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Vitamin B3

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Last Update: June 15, 2021.

Continuing Education Activity

Niacin is a medication used in the management and treatment of pellagra and hyperlipidemia. It is part of the B complex vitamins. This activity outlines the indications, action, and contraindications for niacin as a valuable agent in the treatment of pellagra and hyperlipidemia.

Objectives:

  • Outline the indications for niacin.
  • Explain the mechanism of action of niacin.
  • Describe the adverse effects of niacin.
  • Summarize interprofessional team approach to enhance communication and patient care to improve niacin therapy and optimize patient outcomes.
Access free multiple choice questions on this topic.

Indications

Niacin, known as vitamin B3, is a water-soluble vitamin of the B complex group of vitamins. Food such as bran, yeast, eggs, peanuts, poultry, red meat, fish, whole-grain cereals, legumes, and seeds are rich sources of the vitamin. As a drug, it has two main indications.

  1. Dyslipidemia(FDA approved use)(types IIa and IIb or primary hypercholesterolemia)
  2. Deficiency of the vitamin, also known as pellagra

Indication for Dyslipidemia

Therapeutic doses of niacin can reduce total cholesterol levels up to 25%, low-density lipoprotein (LDL) up to 10% to 15%, and triglycerides by up to 20% to 50%. Niacin has the highest efficacy to raise high-density cholesterol (HDL), with an increase of 15% to 35%.[1] Niacin is used in moderate to high doses (1000 to 3000 mg per day) for refractory dyslipidemia and cases warranting HDL increase.

With more evaluation, niacin may be in a grouping with hypolipidemic drugs used for patients with[2]

  • Concomitant hypercholesterolemia and statin intolerance
  • Metabolic syndrome
  • Patients unresponsive to hypolipidemic therapy of targeted LDL cholesterol values

Indication for Pellagra

Pellagra is a deficiency of vitamin B3. Niacin is indicated in the treatment of pellagra until the symptoms resolve, most commonly for the relief of skin symptoms.

Mechanism of Action

Niacin is necessary for adequate cellular metabolism and function as a vital component in coenzyme 1 (the oxidized form of nicotinamide adenine dinucleotide [NAD]) and coenzyme 2 (the reduced form of nicotinamide adenine dinucleotide phosphate [NADP]), which either accept or donate hydrogen ions in essential oxidation-reduction reactions. They are important coenzymes for glycolysis, pyruvate metabolism, protein, amino acid metabolism, pentose biosynthesis, glycerol metabolism, synthesis of high energy phosphate bonds, and fatty acid metabolism.[2]

As cellular functions in many organs and tissues are affected by the deficiency of niacin, the clinical expression of pellagra is diverse. Niacin underdosing in vulnerable population groups may result in pellagra, which is characterized by 4 Ds in clinical manifestations, diarrhea, dermatitis, dementia, and death. The diagnosis of dermatitis is challenging in the absence of skin lesions and is more straightforward if characteristic skin lesions are present. Dermatitis begins as erythema, resembles sunburn in the initial stages, but tanning occurs more slowly than typically seen in sunburn. The lesion is a bilaterally symmetrical eruption located at sites of sunlight exposure.[3]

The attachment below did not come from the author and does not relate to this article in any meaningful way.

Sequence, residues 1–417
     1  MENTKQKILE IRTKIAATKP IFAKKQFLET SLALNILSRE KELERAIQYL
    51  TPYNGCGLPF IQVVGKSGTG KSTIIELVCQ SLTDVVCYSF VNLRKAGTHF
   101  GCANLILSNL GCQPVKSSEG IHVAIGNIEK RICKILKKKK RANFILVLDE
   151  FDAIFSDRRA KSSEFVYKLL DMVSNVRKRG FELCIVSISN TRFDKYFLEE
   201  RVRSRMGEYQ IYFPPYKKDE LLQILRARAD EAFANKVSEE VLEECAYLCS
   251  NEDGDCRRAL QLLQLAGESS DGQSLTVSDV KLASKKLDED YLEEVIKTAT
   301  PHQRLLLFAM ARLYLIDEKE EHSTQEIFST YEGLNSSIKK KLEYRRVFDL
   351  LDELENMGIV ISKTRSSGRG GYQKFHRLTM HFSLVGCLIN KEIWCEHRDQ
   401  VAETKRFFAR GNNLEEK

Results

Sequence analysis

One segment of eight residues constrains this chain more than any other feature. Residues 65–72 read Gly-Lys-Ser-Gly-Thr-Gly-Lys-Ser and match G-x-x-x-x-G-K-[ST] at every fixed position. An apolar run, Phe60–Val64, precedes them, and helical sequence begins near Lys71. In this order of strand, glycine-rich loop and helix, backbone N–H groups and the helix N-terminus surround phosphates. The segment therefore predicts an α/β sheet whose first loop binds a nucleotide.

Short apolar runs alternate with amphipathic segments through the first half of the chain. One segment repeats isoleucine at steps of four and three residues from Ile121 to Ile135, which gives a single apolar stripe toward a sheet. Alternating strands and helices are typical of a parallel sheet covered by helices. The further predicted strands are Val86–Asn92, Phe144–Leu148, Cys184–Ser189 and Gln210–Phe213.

Cutaneous patches on the neck are known as Casal necklace. It extends as a broad collar around the cervical dermatomes C3 and C4 in the neck. Gastrointestinal disturbances include diarrhea, nausea, vomiting, epigastric discomfort, poor appetite, abdominal pain, and increased salivation. Neurologic manifestation presents as nonspecific symptoms like confusion, hallucinations, irritability, psychomotor unrest, ataxia, and depression. As the disease advances, patients become confused, disoriented, delirious, comatose, and stuporous, and finally die.

Mechanism of action of niacin in dyslipidemia includes inhibition of lipolysis within adipose tissue, reduction in liver triacylglycerol formation, increase in lipoprotein lipase activity, inhibition of synthesis of apo B-100 and hepatic very-low-density lipoprotein (VLDL), impaired cholesterol biosynthesis, and lowering of the fractional catabolic rate of HDL-Apo A-1. Apo A-1, an activator of lecithin cholesterol acyltransferase (LCAT), has a significant role in reverse cholesterol transport.[4] Niacin decreases the risk of cardiovascular disease by exhibiting a plethora of pleiotropic effects, especially by its anti-oxidative and anti-inflammatory actions and by increasing serum adiponectin.[5]

Administration

Recommended daily allowance of niacin is as follows:[5]

  • Infants: 5 to 6 mg
  • Children: 9 to 13 mg
  • Adults: 13 to 20 mg
  • Pregnant and lactating mothers: 17 mg and 20 mg, respectively

Dosing

Pellagra

The adult dose is nicotinamide 100 mg orally, every 6 hours for several days until relief of acute symptoms, followed by 50 mg every 8 to 12 hours until all skin lesions heal. In severe cases (marked neurological or gastrointestinal tract symptoms), 1 g three to four times a day can be given, initially by the parenteral route. For children, one can use 10 to 50 mg orally every 6 hours until symptoms of pellagra resolve. For mild endemic pellagra, smaller doses such as 10 mg per day are acceptable. Therapy should include other B vitamins, magnesium, and zinc, as well as a calorie-rich diet. Topical emollients may reduce discomfort due to skin lesions.[2] Sustained-release (SR) formulations have been developed, which are available over-the-counter. Sustained-release niacin can be administered once daily and is less likely to cause flushing. However, it does not have approval for use in hyperlipidemia, and some studies showed a high likelihood of hepatotoxicity.

Dyslipidemia

The recommended dose for hyperlipidemia is 1 to 6 g daily, initially low doses (100 mg three times per day), increasing at weekly intervals depending upon clinical efficacy and tolerance. Extended-release (ER) niacin in concentrations from 125 to 1000 mg is approved for use in hyperlipidemia and does not have hepatotoxicity compared to regular niacin.[6]

Adverse Effects

Flushing